A dispute over a big old oak tree is threatening to turn into a court battle between Evanston and a developer.
Photo above: Smithfield Properties attorney Steve Friedland speaks to aldermen Monday night as Evanston city attorney Grant Farrar looks on.
The owner of the former Kendall College property wants the site subdivided into 19 single family lots, which is permitted under the R-1 zoning for the block.
And the developer has agreed to turn over to the city the right-of-way for alleys through the property and pay for paving them.
But a neighbor has complained that an oak tree estimated to be about 200 years old lies in the path of one of the alleys.
The 200-year-old, 51-inch oak tree that’s the center of the dispute is in the center of this map.
For a while it appeared a compromise had been reached — with the city suggesting creating a dead end alley that would let the tree remain.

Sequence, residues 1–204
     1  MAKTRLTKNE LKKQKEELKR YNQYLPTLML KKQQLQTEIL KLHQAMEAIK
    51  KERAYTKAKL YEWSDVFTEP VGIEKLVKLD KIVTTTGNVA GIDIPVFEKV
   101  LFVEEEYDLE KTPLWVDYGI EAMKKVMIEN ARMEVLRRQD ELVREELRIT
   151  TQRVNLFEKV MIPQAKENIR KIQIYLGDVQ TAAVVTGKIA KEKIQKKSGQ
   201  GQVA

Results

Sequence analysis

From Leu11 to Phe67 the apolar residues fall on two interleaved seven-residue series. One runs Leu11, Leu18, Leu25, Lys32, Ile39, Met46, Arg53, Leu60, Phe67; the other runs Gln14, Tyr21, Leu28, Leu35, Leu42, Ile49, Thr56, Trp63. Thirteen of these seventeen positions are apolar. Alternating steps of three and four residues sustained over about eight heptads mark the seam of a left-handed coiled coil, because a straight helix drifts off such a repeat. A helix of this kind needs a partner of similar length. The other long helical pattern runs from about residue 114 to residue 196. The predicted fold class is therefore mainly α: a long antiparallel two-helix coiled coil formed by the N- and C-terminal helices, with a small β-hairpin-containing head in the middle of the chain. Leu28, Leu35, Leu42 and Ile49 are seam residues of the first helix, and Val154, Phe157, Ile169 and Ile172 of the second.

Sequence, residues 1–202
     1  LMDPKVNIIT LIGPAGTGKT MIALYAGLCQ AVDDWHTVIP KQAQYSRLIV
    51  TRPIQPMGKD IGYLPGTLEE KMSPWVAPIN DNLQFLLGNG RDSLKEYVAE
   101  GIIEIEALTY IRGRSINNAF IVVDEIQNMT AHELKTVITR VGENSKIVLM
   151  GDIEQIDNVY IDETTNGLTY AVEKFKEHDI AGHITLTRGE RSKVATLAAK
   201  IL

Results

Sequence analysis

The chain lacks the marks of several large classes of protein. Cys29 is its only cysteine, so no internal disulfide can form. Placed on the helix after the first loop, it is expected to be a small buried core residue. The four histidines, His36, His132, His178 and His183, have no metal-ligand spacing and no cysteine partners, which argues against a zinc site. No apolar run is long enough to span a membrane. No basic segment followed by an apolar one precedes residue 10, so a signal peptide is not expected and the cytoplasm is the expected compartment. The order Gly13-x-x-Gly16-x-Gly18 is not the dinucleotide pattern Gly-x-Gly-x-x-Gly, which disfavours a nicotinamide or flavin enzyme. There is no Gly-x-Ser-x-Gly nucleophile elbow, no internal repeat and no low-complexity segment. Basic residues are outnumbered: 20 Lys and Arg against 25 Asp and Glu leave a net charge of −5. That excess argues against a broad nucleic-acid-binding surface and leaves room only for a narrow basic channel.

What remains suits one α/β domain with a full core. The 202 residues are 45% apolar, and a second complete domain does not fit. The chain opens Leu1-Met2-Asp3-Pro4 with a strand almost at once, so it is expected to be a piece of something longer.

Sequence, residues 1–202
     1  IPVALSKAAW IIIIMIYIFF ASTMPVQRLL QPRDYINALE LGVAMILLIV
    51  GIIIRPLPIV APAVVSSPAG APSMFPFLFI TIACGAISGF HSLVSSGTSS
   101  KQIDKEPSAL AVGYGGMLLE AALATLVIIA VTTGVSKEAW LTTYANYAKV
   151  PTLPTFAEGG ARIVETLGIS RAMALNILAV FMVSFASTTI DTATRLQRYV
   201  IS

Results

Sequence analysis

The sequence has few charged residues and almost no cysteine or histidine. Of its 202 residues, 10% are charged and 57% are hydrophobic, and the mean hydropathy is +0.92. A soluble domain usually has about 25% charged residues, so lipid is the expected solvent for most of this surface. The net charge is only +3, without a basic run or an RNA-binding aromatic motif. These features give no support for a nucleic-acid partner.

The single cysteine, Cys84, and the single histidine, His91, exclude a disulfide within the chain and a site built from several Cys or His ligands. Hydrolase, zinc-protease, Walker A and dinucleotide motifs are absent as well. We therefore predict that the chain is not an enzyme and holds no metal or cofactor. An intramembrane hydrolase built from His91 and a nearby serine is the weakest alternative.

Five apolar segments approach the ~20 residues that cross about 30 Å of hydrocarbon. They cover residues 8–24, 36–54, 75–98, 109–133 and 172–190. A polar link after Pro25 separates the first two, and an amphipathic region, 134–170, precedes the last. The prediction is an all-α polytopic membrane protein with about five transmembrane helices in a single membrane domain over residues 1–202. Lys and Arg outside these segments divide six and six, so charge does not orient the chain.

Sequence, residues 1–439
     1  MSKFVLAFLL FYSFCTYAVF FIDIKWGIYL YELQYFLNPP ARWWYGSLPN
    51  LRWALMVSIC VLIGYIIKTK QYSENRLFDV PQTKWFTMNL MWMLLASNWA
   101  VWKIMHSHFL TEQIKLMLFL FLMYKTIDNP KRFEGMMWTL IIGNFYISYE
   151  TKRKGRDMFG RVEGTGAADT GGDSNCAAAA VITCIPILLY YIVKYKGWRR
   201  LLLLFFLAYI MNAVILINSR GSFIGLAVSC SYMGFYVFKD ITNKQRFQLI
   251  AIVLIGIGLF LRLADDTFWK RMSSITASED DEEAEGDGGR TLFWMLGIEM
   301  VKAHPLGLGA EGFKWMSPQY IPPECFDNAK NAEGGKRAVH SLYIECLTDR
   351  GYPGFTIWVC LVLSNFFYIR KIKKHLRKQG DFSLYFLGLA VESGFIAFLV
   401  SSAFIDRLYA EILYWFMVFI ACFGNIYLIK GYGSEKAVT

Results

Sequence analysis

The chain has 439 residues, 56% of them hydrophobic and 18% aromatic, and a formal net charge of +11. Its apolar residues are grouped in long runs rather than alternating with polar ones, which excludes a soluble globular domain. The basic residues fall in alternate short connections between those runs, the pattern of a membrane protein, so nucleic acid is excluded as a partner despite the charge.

But then the city insisted that the developer give the city title to the land that the alley wouldn’t be built on, while the developer said it should become part of the adjoining private lots.
The city has the right to demand that developers provide alleys in return for its agreement to permit subdivision of land — but the developer contends it doesn’t have the right to take property just to preserve a tree.
And the developer is now threatening to file suit over the issue if it isn’t resolved soon.
A Google Maps aerial photo of the block of Lincoln street affected by the dispute.
That led the City Council this week to postpone action on the subdivision plan yet again, in hopes the attorneys can come up with a compromise before the council’s next regular meeting on March 28.
The tree controversy is just the latest installment in a half-decade long battle over redeveloping the full-block former site of the college known for its culinary industry training programs.
The developer originally proposed a high-density townhome project, but after years of battles with neighbors agreed to a planned development of single family homes.
At that point the real estate market tanked and the planned development concept was scrapped.